‘Agile’ and Mabini’s ‘The True Decalogue’
Walang tubig, walang kuryente, sinasakop tayo ng China, mainit… at ngayon wala pang signal! Anak ng teteng. Ano na Pilipinas?”
So goes a veracious tweet that has drawn hundreds of likes as we entered the Holy Week. While its author @earnieboo seems to whine, if you are Filipino, it is not difficult to sense her adaptive tonality.
Count on the Pinoy to complain aloud about the woes of living in the metro. At the end of the day though, he/she inevitably takes things in stride. Remember how “Petsa de Peligro” evolved into “Petsa de Paligo”? Our capacity for being gritty appears to be innate. It is evident in our folk songs (i.e., “pagdating sa dulo, nabali ang sanga, kapos kapalaran, humanap ng iba”) and in our proverbs (i.e., “’pag maiksi ang kumot, matutong mamaluktot”).
My teacher in history points to the many years of colonization under the Spaniards, the Americans and the Japanese as the culprit. On the other hand, my sociology teacher traces it to how Christianity sometimes promotes unnecessary suffering.
During a course facilitated by the Project Management Institute (PMI), I was once again reminded of our adaptive characteristic when the instructor introduced us to “agile” as the emergent trend in project management. According to the PMI, the agile approach was “created to explore feasibility in short cycles and quickly adapt based on evaluation and feedback.” It is anchored on the Agile Manifesto, which software developers introduced at the dawn of the 21st century. To wit: “We value individuals and interactions over processes and tools. We value working software over comprehensive documentation. Customer collaboration over contract negotiation. Responding to change over following a plan.”
I don’t know about you, but the first time I read these, I could not help but notice how Pinoy they are. We value friendship and camaraderie over policies and procedures, so “daanin natin sa usapan (let’s talk about it).” We prioritize what would get us through instead of agonizing about blueprints and prototypes; “basta gumagana, ayos na (as long as it works, it’s fine).” We would rather cooperate than nitpick on pricing, because “ang mahalaga nagtutulungan (what’s important is we’re helping each other).” We improvise rather than plan; “nasa diskarte lang ’yan (be street-smart about it).”
I remember my supervisor who used to live in Singapore. He observed that Singaporeans are so orderly that when there is a road closure, they do not know what to do. Not the Pinoy, he quipped. We are so adaptive that we can easily counterflow or take detours via side streets.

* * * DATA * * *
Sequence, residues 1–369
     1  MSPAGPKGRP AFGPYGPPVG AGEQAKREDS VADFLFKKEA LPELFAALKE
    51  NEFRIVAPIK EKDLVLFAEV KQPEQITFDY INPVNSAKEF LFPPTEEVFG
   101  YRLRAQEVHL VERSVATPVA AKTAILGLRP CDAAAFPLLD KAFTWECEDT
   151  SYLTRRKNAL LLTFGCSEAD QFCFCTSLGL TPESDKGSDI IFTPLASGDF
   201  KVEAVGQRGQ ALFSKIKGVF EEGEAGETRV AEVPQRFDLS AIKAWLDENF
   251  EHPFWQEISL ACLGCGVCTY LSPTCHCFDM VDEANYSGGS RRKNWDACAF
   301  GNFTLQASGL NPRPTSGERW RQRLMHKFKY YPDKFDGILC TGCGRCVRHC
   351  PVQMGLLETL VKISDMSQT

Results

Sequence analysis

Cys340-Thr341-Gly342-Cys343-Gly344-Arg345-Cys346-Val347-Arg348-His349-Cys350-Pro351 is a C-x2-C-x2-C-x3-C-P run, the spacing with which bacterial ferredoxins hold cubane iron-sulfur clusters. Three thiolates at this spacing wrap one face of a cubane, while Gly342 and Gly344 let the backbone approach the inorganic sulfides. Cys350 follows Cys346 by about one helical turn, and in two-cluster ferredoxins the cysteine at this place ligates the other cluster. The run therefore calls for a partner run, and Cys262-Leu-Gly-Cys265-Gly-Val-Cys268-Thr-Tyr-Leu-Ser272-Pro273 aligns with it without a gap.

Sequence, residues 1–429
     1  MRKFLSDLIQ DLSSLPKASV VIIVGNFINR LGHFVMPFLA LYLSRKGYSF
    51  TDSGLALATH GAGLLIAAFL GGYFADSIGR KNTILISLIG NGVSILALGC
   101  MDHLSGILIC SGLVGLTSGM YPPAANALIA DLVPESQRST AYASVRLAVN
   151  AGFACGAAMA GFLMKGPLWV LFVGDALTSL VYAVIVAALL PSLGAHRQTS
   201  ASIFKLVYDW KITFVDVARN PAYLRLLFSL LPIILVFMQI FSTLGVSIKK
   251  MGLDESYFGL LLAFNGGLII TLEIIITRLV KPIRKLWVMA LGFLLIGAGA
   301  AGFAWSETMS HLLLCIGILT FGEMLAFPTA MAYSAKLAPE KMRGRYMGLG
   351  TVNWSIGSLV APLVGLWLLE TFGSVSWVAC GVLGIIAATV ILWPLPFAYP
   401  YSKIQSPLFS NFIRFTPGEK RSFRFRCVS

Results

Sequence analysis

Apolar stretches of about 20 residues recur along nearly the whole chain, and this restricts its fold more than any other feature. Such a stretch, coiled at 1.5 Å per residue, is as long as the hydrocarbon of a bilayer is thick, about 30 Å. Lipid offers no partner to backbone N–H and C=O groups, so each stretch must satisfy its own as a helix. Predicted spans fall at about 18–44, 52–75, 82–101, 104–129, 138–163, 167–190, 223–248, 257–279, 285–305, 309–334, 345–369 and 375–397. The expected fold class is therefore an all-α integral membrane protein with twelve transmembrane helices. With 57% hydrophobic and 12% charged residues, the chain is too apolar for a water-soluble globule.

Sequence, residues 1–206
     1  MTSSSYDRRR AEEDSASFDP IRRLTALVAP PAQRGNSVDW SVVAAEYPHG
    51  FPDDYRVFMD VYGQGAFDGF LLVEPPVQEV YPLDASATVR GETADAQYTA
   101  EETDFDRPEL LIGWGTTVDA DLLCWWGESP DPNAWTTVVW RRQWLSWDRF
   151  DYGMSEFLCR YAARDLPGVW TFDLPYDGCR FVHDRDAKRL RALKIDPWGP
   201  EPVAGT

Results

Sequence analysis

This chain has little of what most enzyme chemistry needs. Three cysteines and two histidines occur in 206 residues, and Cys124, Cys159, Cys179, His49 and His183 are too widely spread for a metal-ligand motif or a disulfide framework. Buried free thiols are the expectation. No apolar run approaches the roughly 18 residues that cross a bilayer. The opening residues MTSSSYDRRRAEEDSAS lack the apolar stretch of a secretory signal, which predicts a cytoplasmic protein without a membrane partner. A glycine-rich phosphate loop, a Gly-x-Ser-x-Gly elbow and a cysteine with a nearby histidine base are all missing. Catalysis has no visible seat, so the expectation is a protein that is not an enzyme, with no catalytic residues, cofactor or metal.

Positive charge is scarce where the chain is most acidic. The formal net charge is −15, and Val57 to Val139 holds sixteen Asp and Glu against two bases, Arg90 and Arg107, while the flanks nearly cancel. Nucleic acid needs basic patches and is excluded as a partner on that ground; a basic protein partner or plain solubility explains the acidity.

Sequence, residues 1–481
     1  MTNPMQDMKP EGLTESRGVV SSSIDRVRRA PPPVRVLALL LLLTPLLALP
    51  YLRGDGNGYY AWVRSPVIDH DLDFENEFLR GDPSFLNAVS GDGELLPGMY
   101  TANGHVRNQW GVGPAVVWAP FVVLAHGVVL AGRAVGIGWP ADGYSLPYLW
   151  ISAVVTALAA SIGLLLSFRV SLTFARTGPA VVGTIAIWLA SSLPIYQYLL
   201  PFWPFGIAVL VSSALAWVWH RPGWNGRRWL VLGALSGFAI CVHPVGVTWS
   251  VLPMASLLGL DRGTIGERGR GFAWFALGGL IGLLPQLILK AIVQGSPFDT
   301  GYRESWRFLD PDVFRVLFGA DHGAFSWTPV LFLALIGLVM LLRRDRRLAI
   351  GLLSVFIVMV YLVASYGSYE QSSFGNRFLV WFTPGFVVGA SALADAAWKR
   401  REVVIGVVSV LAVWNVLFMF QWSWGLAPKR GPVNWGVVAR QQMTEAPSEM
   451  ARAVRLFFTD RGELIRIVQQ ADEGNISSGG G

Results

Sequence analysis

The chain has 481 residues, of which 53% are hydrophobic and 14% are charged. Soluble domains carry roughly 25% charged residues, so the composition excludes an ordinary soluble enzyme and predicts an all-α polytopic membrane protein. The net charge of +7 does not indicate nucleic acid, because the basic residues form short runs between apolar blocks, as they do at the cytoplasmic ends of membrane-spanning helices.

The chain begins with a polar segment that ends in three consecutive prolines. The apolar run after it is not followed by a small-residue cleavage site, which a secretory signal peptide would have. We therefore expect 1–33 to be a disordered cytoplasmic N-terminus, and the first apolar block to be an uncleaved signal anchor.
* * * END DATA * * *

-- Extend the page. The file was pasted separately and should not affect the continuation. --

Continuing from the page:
Then again, even as our instructor expressed enthusiasm about the agile approach, he pointed out that before one adopts it, one must know the basics of project management. These consist of five process groups, 10 knowledge areas and 49 processes, each of which has inputs, tools techniques and outputs comprising nearly 500 concepts.
Could it be that the reason we are still struggling with crises in the form of traffic congestion, water and power shortage, media repression, drug addiction, extrajudicial killings and government corruption is because we have not mastered our basics? Thankfully, if we go by Apolinario Mabini’s exhortation in his “The True Decalogue,” it will not take us 49 processes. Ten action items will do.
Easter being a time of renewal, perhaps this augurs well with going back to the basics inscribed in Mabini’s “Decalogue.” Using Agile’s “daily stand-up,” we can start each day with a huddle either with our families or coworkers. In lieu of the usual agile guide questions, each of us can take turns sharing one actionable point from “The Decalogue” we did yesterday, one we will focus on today and one hurdle we anticipate as we do so.
It may have been written in 1898, but the letter and spirit of Mabini’s work remain compelling to this day: “Love your country after God and your honor more than yourself… Strive for the happiness of your country before your own, making her the kingdom of reason, of justice and of labor… Strive for the independence of your country… Strive for a Republic and never for a monarchy in your country… Love your neighbor more than yourself… Consider your countrymen more than your neighbor; see him as friend, brother or at least your comrade….”
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Von Katindoy is a member of the Project Management Institute (PMI) Philippine Chapter.
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